What might surprise readers is where online daters are willing to make compromises. “Data shows that even when dating sites take into account personality, by far the biggest predictor of whether you will click ‘yes’ on somebody has to do with their photo,” says Iyengar. So, a person’s picture matters — perhaps more than anything else — validating the millions of happy Tinder users who often equate finding singles on the photo-driven app to spotting someone attractive in a bar or gym; Northwestern psychology professor Eli J. Finkel agrees, hailing it as “may be the best option that has ever existed.”
But whether you sign up for Tinder, Hinge, eHarmony or all three, Iyengar advises having a strategy. “[H]aving more choice only helps if you’re thoughtful about your choosing process and understand what sort of an outcome you’re seeking. If you go into a too much choice process blindly, then on average it will leave people feeling confused, distracted, and frustrated.”
Swarthmore psychology professor Barry Schwartz echoed Iyengar’s sentiments when we spoke over e-mail. “This is both the blessing and the curse of online sites,” writes Schwartz. “With so many options available, standards inevitably go up, so that people are rarely satisfied. Why ‘settle’ when there are thousands of more possibilities to examine?”
Of course, the problems associated with choice are not the only obstacles online daters may face in pursuit of romance. Unlike more conventional ways of meeting people, most of them are connecting with complete strangers, whose intentions might vary considerably. In some extreme examples highlighted by The New York Times, swindlers used dating platforms to specifically target elderly women; one seventy-something recalls sending her online interest nearly $300,000 before realizing she was being scammed. And shockingly, some 6,000 people between July 1 and Dec. 31, 2014 made similar complaints of confidence fraud.
Far more common, however, are the digital equivalents of catcalling — unsolicited messages, photos and/or unsavory propositions. And perhaps unsurprisingly, female users bear the brunt of it. Mike Maxim, the Chief Technology Officer at OkCupid, told Scientific American that policing this kind of misbehavior was a continuous battle, and Steve Carter agreed, reporting that eHarmony must shutdown 300 accounts daily.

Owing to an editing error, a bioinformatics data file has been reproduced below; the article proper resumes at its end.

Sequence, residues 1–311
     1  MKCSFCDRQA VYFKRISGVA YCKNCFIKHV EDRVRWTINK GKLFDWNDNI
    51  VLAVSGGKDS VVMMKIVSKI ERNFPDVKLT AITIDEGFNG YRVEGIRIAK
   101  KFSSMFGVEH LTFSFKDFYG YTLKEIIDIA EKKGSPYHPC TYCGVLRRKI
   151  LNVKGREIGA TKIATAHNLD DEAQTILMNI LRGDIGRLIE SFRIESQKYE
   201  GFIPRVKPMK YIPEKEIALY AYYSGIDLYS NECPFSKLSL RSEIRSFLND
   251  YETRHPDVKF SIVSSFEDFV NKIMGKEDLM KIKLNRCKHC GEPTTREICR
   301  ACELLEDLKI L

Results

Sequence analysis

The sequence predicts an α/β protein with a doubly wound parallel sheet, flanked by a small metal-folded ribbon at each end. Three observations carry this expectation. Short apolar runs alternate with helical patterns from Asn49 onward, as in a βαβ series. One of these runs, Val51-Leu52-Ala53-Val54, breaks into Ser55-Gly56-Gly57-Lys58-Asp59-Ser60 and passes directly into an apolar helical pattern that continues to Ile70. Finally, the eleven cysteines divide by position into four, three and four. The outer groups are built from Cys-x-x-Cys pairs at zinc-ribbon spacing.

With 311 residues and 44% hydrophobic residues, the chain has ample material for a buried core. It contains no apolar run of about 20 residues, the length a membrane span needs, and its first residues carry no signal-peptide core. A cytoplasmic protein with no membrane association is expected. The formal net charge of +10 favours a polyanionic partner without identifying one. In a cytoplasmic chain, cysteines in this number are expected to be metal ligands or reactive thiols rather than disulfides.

To better address the problem, Cliff Lerner of Snap Interactive developed the mobile dating app The Grade. As the name suggests, The Grade holds users accountable for how they comport themselves by doling out letter grades, and it makes no difference whether it’s an A+ or F; their grade is posted on their profile. According to the company’s website, if a person does drop down to a D or failing grade, he or she will be given a warning, as well as a set of instructions on how to raise the grade. However, those who choose not to comply are summarily kicked out of The Grade’s dating community.
“We are not aware of any dating site that has an algorithm to grade users in various categories, and make the grade available for other singles to view, while also expelling users who don’t meet community standards,” says Lerner, a 10-year veteran of the online dating industry. He got started with his first dating site in 2005 and went on to launch AreYouInterested?, which, according to Lerner, has over 70 million Facebook installs. It would seem he knows what works and in this case, what doesn’t. And online daters have welcomed his new approach.
“The Grade has over 70,000 downloads in just a few months with about 25% of them in our core New York demographic,” says Lerner. “One of our key metrics, retention, is the highest we’ve seen on any app we’ve launched, with users in our core demographic logging in 8 times on their first day and 10 on their second.”
So, thanks to industry innovators like Lerner, online dating continues to evolve, but are users any closer to finding love? Throughout this piece, I’ve been careful when and where I use that word. Obviously, not everyone who installs a dating app or registers with a site is looking for love online. But for those users who are, has this technology made their quest any easier?
When I pose this question to Barry Schwartz, he leaves me with something that I doubt I’ll very soon forget. “I think the problem here is that serious relationships must be built, rather than discovered,” he tells me. “People are not willing to put in the time.”
I think Schwartz has cut to the heart of it — pun intended. The mechanism through which we meet people today may have changed — even improved by some estimations — but the process of developing a meaningful and loving relationship remains unchanged. Quite simply, it’s hard work.